“Then Philip went down to the city of Samaria and preached Christ to them.”  Acts 8:5

The current rise of racism, bigotry, and hatred in so many hearts around the country and our world is truly a sickening thing - white extremists, Muslim terrorists, gang violence, Black Lives Matter.  It’s really easy to jump on the bandwagon and declare all we see on the news as a world full of racism, bigotry, and hatred.  Have you considered, though, a different approach - dare I say Christ’s approach?  Yes, we should stand up and speak out every chance we get against people who treat others in ungodly ways wherever it occurs.  It doesn’t matter if the evil is across the street or across the globe, God’s intention for each of us is to love all the others…period, and to effectively share the gospel with everyone…period.  We don’t get to choose who is worthy of being loved or hearing good news specifically because God loved us and shared His Son with us – and who among us deserved that?!

Loving others and effectively sharing the gospel requires a willingness to reach out to people who are different from us.  We tend to want to hang out with folks who look like us, who talk like us, and who are just like us.  But, how willing are we to leave our comfort zone and go to a person completely different from us with the message of the gospel?

To put it another way, are we willing to acknowledge that all prejudice is wrong?  Everyone needs Jesus, and we need to go without reservation and share the gospel with them.  We can talk all day about how to do evangelism effectively.  We can read the books and go to the classes on how to share our faith.  All these things are good.  But none of it matters if we don’t care about (dare I say love?) all the others.  People can tell whether or not we care. (My dog knows that I care about him.)  And a person will know if we are sharing good news out of love or because we feel obligated.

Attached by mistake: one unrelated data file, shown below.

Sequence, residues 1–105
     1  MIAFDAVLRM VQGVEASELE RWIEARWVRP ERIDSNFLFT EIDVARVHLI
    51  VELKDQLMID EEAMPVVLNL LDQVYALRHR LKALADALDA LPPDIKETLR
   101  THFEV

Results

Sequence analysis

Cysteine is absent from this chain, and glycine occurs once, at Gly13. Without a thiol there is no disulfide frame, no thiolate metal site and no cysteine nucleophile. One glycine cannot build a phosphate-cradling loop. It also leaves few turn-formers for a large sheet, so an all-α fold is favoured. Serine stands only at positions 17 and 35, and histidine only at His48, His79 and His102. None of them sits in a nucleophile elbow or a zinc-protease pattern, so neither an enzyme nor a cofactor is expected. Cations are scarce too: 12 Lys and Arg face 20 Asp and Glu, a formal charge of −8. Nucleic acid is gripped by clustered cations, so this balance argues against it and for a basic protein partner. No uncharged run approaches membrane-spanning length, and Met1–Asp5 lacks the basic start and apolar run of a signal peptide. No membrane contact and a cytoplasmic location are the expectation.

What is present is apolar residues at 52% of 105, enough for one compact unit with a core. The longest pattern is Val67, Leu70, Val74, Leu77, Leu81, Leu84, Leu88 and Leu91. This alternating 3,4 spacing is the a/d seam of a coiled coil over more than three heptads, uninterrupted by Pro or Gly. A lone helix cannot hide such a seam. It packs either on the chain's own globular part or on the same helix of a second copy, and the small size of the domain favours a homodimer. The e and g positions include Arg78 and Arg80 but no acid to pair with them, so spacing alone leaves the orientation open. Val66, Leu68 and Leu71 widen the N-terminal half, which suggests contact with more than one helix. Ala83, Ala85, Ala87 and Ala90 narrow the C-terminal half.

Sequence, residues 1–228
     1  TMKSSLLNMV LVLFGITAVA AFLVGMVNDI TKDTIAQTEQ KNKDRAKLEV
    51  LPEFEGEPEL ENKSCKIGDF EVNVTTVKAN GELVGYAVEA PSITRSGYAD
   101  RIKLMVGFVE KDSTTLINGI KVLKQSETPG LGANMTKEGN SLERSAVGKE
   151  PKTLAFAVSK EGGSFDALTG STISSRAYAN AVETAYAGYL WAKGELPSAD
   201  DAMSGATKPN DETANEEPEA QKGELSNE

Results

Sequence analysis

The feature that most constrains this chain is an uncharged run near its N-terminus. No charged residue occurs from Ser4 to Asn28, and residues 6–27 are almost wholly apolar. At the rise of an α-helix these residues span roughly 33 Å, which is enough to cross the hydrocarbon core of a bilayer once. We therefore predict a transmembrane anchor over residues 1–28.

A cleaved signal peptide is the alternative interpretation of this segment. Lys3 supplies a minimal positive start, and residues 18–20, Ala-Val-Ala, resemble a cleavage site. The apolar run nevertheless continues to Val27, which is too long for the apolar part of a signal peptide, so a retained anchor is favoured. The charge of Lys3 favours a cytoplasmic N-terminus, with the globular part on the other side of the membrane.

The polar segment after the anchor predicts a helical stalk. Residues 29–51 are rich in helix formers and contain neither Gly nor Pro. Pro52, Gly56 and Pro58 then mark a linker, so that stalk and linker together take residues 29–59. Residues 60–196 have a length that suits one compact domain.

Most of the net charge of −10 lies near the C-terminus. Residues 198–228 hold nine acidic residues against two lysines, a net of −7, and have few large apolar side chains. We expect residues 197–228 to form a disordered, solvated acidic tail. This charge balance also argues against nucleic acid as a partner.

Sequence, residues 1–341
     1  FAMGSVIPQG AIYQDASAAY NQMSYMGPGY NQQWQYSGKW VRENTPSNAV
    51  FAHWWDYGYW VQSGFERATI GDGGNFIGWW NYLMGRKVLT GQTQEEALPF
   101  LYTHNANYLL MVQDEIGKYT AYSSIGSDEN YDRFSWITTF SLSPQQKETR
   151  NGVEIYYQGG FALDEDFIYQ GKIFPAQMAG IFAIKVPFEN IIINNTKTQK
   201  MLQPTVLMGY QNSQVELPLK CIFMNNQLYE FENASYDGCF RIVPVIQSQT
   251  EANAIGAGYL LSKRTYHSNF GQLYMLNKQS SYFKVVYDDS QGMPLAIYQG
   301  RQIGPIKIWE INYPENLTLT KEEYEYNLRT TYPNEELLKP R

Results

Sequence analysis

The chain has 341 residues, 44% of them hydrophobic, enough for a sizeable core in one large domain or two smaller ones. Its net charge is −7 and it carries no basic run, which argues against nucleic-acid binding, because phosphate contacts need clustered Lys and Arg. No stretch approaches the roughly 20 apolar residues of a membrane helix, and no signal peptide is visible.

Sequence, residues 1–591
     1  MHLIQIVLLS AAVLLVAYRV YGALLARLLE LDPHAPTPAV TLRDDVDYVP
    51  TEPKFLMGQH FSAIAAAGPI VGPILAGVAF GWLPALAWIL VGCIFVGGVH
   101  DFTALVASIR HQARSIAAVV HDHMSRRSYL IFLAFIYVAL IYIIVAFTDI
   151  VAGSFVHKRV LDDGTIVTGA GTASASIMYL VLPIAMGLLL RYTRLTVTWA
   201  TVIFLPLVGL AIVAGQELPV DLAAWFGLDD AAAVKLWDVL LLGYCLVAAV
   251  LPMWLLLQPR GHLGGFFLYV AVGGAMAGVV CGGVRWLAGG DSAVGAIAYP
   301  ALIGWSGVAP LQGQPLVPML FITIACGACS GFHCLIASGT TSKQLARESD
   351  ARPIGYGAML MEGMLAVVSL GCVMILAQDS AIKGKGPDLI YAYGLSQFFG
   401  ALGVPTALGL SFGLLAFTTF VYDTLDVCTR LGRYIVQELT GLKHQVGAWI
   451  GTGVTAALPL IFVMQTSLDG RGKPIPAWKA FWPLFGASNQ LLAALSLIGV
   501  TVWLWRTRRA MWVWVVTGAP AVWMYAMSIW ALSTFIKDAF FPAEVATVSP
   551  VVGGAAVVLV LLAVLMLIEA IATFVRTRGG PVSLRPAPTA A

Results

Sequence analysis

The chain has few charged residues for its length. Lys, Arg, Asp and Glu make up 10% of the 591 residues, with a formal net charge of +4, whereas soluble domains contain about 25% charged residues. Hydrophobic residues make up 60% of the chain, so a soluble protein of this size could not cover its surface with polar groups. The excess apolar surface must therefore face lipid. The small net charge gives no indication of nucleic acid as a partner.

The Bible is clear in the example of Philip, who had a heart for unbelievers.  Along with Stephen, he was called to be a deacon in the church.  And when Stephen was martyred and Saul of Tarsus began to attack Christians, where did Philip go?  He went to Samaria.  Philip was a Jew, yet he went to Samaria.  This was significant, because Jews hated Samaritans, and Samaritans hated Jews.  Yet Philip went to these people, people whom Jews would not speak to much less attempt to reach for Christ, because while people find reason to hate each other…Jesus loved them all.

May God give us His compassion for people who do not yet know Him.  Philip had that compassion, and we should too.

Blessings,

RevLon